I love to cook and I love collecting cookbooks and resurrecting old “receipts” that have been long forgotten, or fallen out of fashion, including some that are truly ancient. I enjoy preparing things that are seldom prepared in the home nowadays but were common when I was a child (during WWII). I make butter, fresh cheeses, clotted cream, yogurt and other homey things that taste so much better than the commercial stuff with all the additives with the incomprehensible names. I like to know what I’m eating.

I have a modest collection of “vintage” cookbooks which have recipes with detailed instructions of what to do and what to use in the list of ingredients.

There are also earlier books that assume that anyone consulting the cookbook will know all of the necessary details involved with preparing a particular recipe. The instructions in these books are sketchy at best.
There is often reference to oven heat as “slow” or “fast” and there is no reference in these cookbooks as to what these terms mean. I know because I grew up in a house with a wood/coal kitchen range with an oven with no temperature control. One had to know how to arrange the coals in the firebox to achieve the desired heat. Holding a hand in the center of the oven and counting “seconds” would give the approximate temperature. If you could hold your hand in the oven for several seconds, it was a “slow” oven – approximate temp 250 to 300 degrees Fahrenheit. If you had to yank your hand back within 3 to 5 seconds, it was a “fast” oven with approximate temp fro 375 to 425 F. There are significant variables because some people are less sensitive to dry heat than others, but there were a great many cooks and bakers who produced some extraordinary food items, even with this primitive method.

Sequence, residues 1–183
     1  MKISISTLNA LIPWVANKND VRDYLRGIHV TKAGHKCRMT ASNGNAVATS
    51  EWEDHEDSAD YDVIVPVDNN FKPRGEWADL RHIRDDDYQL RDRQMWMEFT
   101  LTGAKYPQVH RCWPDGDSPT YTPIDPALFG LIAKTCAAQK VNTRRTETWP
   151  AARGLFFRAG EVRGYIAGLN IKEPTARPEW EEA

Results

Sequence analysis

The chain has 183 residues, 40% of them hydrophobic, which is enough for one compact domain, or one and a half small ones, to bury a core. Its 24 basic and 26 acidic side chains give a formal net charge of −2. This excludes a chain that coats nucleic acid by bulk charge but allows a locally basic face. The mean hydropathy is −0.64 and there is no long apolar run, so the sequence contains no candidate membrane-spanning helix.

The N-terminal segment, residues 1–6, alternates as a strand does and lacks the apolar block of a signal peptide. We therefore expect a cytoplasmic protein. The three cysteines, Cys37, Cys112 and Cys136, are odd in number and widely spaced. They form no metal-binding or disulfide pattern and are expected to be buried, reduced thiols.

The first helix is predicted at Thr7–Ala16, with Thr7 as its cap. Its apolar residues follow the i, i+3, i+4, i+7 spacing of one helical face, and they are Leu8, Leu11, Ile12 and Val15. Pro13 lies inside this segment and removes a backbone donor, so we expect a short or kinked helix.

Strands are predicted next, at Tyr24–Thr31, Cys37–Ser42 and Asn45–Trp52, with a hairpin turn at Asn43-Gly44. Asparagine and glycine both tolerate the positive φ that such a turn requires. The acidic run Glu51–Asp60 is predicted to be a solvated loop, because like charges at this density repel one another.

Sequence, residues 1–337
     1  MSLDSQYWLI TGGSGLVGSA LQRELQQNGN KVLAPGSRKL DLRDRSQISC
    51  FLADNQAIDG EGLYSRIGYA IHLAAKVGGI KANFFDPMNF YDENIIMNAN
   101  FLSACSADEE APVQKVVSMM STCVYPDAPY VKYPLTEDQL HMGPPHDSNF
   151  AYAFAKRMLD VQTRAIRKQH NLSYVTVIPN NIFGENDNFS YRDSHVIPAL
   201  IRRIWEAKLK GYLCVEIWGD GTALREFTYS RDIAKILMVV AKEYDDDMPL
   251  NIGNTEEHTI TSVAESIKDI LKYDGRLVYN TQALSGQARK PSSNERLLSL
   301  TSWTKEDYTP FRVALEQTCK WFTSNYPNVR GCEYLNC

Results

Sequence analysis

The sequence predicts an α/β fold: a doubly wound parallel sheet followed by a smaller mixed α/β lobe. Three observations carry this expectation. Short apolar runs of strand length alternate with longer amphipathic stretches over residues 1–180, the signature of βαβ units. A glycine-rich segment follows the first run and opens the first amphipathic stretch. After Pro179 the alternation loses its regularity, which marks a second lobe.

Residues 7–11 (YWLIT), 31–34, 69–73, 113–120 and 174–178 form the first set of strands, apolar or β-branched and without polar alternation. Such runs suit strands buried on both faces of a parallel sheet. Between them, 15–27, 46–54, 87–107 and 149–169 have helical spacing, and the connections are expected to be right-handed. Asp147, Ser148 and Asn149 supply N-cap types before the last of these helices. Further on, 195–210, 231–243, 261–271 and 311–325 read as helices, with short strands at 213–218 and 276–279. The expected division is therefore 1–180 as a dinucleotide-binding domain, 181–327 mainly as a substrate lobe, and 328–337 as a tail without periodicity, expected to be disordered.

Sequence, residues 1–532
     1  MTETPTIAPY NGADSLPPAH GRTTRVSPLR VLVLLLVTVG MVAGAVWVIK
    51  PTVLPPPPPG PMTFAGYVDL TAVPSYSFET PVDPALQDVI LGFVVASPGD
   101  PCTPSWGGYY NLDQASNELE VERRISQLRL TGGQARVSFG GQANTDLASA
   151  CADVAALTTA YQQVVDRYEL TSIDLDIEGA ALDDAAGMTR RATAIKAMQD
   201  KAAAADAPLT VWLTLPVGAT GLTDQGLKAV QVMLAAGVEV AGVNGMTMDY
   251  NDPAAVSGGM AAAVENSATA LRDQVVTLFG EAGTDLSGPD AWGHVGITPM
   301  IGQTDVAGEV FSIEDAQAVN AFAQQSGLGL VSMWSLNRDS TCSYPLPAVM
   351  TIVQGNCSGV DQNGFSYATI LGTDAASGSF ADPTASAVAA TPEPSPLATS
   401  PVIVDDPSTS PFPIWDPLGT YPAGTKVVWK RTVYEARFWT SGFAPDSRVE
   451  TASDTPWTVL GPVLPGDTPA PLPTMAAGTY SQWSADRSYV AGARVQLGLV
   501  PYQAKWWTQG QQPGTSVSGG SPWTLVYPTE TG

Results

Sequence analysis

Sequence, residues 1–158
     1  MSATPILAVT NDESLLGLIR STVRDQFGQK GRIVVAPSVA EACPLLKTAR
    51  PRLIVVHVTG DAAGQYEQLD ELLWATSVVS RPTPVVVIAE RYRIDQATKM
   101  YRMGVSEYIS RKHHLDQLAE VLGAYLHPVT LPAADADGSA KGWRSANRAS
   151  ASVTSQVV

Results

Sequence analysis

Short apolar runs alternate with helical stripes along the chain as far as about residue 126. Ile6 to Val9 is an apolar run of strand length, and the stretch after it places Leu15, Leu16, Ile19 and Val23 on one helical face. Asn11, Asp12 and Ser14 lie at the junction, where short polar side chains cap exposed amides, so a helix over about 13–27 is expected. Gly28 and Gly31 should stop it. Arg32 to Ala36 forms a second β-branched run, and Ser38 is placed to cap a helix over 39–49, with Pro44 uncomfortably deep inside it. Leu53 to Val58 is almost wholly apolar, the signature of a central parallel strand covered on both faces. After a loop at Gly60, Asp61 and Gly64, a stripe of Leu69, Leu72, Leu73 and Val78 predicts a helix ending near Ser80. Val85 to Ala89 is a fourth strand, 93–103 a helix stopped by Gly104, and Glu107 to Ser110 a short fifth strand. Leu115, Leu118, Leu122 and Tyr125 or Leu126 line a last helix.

There is a great resource for cookbook and recipe collectors who want to delve into the past of cooking and baking.  Acanthus Books.